Balsamic glazed Bering Sea Cod on a bed of butterhead lettuce from Belleque Family Farm + a creamy balsamic dressing serves 4-6

You’ll need:

  • 2 lbs Wild Alaska Cod, cut into 4-6 individual portions

for the marinade and creamy balsamic dressing

  • 10 cloves of garlic, minced finely or crushed
  • 3 tablespoons mayonnaise
  • 1 large handful of fresh basil leaves, minced finely (Belleque Family Farm)
  • 4 tablespoons fresh lemon juice
  • 2 tablespoons dijion mustard
  • 1 cup balsamic vinegar
  • 1 1/4 cup extra virgin olive oil
  • 1 1/2 tablespoons sugar
  • 1 tablespoon sea salt
  • fresh ground pepper to taste

for the salad

  • 1 head of butterhead lettuce, chopped (Belleque Family Farm)
  • 10 leaves of chard, chopped (Belleque Family Farm)
  • a handful of fresh basil (Belleque Family Farm)
  • 3 Alaska Grown carrots, diced
  • 2 cups cherry tomatoes
  • 1 avocado, sliced thin
  • 1 large bell pepper, sliced thin
  • 1/2 red onion, sliced thin

img_9054To make:

For the marinade and dressing you will begin in one large bowl and divide before the finish. Whisk together the balsamic vinegar, olive oil, lemon juice, garlic, basil, salt, sugar, & pepper. Divide the mixture in two equal parts and whisk in the mayonnaise into one dish to create the creamy dressing, then set aside for the salad. Pour the remaining balsamic mixture into a shallow baking dish and place your cod portions into the glaze flesh side down to marinade for approximately 10-15 minutes.

While marinading the cod, toss your salad and then plate a large bed of greens for each cod portion to rest upon once seared.

To sear the cod, lightly oil a cast iron or heavy bottomed pan over medium heat until evenly warmed and place the cod flesh side down onto the pan. Cook 3-4 minutes until the cod is browned and the glaze caramelizes. Flip and continue to cook for another 2-3 minutes until just done. The cod will continue to cook a bit once removed from heat so err slightly on the side of caution. You will know its done when lightly flaked it reveals a uniform moist white flesh.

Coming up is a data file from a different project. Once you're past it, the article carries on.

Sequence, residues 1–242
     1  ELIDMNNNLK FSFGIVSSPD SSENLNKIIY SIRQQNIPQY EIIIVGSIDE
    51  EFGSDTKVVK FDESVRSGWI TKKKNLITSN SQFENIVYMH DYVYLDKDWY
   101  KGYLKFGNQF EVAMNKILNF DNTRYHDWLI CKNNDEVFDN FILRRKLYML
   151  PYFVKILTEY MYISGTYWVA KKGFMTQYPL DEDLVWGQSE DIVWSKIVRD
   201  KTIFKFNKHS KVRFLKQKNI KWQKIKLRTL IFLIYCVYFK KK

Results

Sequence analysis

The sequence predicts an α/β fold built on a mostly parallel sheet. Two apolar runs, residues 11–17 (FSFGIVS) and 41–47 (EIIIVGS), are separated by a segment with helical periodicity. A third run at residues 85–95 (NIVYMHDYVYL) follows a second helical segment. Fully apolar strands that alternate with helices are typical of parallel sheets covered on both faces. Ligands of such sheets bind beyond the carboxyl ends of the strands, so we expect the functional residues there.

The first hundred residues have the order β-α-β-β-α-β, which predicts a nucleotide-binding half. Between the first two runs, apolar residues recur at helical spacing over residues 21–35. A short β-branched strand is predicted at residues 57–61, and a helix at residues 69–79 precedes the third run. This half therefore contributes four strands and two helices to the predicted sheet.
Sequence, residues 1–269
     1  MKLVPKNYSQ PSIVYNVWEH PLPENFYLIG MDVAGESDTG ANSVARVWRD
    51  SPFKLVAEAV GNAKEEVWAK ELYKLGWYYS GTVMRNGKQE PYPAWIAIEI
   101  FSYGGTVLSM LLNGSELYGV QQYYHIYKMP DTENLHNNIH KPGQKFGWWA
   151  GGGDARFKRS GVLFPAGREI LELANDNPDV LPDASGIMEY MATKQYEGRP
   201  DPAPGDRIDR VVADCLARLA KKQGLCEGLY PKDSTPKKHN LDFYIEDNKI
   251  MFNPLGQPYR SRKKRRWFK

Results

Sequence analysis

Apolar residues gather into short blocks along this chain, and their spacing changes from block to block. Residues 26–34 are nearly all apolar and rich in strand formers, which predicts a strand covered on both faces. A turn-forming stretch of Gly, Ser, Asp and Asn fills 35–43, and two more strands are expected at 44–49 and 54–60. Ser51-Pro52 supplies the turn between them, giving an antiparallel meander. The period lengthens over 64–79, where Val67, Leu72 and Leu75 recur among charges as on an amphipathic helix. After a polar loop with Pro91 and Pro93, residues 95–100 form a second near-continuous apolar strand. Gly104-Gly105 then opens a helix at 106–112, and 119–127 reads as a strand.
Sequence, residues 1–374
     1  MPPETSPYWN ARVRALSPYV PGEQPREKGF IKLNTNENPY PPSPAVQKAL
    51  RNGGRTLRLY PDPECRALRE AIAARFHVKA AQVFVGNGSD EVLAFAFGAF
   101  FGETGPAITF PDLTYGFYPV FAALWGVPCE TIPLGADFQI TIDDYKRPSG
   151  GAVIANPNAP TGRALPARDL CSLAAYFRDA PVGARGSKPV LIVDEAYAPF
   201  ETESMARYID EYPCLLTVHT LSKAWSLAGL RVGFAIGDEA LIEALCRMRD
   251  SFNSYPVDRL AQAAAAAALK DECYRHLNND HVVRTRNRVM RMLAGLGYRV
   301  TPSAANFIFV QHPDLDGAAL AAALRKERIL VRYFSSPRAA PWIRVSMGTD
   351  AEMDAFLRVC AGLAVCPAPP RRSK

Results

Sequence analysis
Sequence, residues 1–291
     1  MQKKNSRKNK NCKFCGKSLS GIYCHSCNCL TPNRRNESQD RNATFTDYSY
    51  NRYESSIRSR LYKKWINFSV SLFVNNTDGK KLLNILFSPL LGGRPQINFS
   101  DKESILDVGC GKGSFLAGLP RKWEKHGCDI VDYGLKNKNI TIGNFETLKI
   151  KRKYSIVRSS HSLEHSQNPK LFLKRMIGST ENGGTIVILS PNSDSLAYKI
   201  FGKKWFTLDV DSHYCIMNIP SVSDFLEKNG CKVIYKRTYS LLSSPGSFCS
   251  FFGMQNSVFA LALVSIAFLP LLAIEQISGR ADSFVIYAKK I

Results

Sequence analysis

Top the waiting salad greens with a chunk of the seared cod and drizzle with the creamy balsamic dressing for a light satisfying meal.

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This is not a sponsored post – I received no compensation for this article just truly love Alaska Seafood and informing readers of what’s happening on the Alaska and Bristol Bay food scenes! 

4 thoughts on “balsamic glazed Bering Sea Cod on a bed of butterhead lettuce from Belleque Family Farm + a creamy balsamic dressing

  1. mawarre says:

    Looks amazing.. and what a delight to get such beautiful vegetables in the deep of winter. It’s hard for me to get my head around. This morning I dug over my vegetable bed, adding manure and compost and getting ready to plant my next crop of greens. It was 30 degrees Celsius (86 F) and the humidity was 65% at 9 in the morning. We are in the middle of a heat wave. But there are new vegetables being planted on opposite sides of the planet and beautiful food being prepared using them. I love it. Thanks for sharing margaret

  2. SusieBrito says:

    It is wonderful to have this option now, the greens are glorious! Your heat wave sounds pretty good right now though the cold doesn’t bother me too much, I just wish we had more snow to play in, our humidity level is very low currently with everything feeling crackly with static.

  3. Annie Boochever says:

    As usual, another stellar recipe, beautiful photos, and lovely narrative as well. Thanks Susie. I have told all my family and friebnds about your blog and hope many of them have subscribed. Really enjoy it. Keep up the good work!

    1. SusieBrito says:

      Thanks Annie! What new projects are you up to these days, any writing that should be on my radar?